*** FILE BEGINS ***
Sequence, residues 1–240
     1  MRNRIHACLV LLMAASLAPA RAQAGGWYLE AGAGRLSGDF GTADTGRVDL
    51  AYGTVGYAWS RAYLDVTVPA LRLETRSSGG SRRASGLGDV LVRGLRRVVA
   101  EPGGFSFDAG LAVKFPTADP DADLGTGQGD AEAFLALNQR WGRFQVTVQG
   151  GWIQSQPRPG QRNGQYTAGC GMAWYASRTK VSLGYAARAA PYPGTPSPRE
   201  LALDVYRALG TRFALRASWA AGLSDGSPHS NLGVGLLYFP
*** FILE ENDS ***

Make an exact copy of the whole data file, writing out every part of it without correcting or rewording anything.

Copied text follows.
Sequence, residues 1–240
     1  MRNRIHACLV LLMAASLAPA RAQAGGWYLE AGAGRLSGDF GTADTGRVDL
    51  AYGTVGYAWS RAYLDVTVPA LRLETRSSGG SRRASGLGDV LVRGLRRVVA
   101  EPGGFSFDAG LAVKFPTADP DADLGTGQGD AEAFLALNQR WGRFQVTVQG
   151  GWIQSQPRPG QRNGQYTAGC GMAWYASRTK VSLGYAARAA PYPGTPSPRE
   201  LALDVYRALG TRFALRASWA AGLSDGSPHS NLGVGLLYFP